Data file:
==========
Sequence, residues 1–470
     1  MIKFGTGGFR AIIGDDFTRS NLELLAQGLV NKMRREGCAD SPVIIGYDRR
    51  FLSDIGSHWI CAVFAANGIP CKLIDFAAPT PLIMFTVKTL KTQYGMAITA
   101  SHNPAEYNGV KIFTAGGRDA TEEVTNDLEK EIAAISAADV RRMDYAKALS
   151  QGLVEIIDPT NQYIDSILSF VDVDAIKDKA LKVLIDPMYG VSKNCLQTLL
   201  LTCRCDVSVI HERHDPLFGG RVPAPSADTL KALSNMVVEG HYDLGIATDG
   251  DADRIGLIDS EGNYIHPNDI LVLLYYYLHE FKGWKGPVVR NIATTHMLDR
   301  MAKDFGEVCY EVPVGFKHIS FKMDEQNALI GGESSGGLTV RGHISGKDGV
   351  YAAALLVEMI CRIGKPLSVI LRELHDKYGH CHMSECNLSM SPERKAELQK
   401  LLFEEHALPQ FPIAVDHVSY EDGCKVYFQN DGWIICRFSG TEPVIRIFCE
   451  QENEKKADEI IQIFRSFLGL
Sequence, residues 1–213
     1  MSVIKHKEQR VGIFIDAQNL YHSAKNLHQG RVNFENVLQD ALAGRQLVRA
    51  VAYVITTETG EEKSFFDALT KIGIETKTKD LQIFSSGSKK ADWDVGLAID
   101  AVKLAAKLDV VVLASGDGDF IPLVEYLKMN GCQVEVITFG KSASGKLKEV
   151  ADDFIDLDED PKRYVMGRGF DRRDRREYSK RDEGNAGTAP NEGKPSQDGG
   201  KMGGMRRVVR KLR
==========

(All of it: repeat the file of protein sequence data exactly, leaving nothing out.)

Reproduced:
Sequence, residues 1–470
     1  MIKFGTGGFR AIIGDDFTRS NLELLAQGLV NKMRREGCAD SPVIIGYDRR
    51  FLSDIGSHWI CAVFAANGIP CKLIDFAAPT PLIMFTVKTL KTQYGMAITA
   101  SHNPAEYNGV KIFTAGGRDA TEEVTNDLEK EIAAISAADV RRMDYAKALS
   151  QGLVEIIDPT NQYIDSILSF VDVDAIKDKA LKVLIDPMYG VSKNCLQTLL
   201  LTCRCDVSVI HERHDPLFGG RVPAPSADTL KALSNMVVEG HYDLGIATDG
   251  DADRIGLIDS EGNYIHPNDI LVLLYYYLHE FKGWKGPVVR NIATTHMLDR
   301  MAKDFGEVCY EVPVGFKHIS FKMDEQNALI GGESSGGLTV RGHISGKDGV
   351  YAAALLVEMI CRIGKPLSVI LRELHDKYGH CHMSECNLSM SPERKAELQK
   401  LLFEEHALPQ FPIAVDHVSY EDGCKVYFQN DGWIICRFSG TEPVIRIFCE
   451  QENEKKADEI IQIFRSFLGL
Sequence, residues 1–213
     1  MSVIKHKEQR VGIFIDAQNL YHSAKNLHQG RVNFENVLQD ALAGRQLVRA
    51  VAYVITTETG EEKSFFDALT KIGIETKTKD LQIFSSGSKK ADWDVGLAID
   101  AVKLAAKLDV VVLASGDGDF IPLVEYLKMN GCQVEVITFG KSASGKLKEV
   151  ADDFIDLDED PKRYVMGRGF DRRDRREYSK RDEGNAGTAP NEGKPSQDGG
   201  KMGGMRRVVR KLR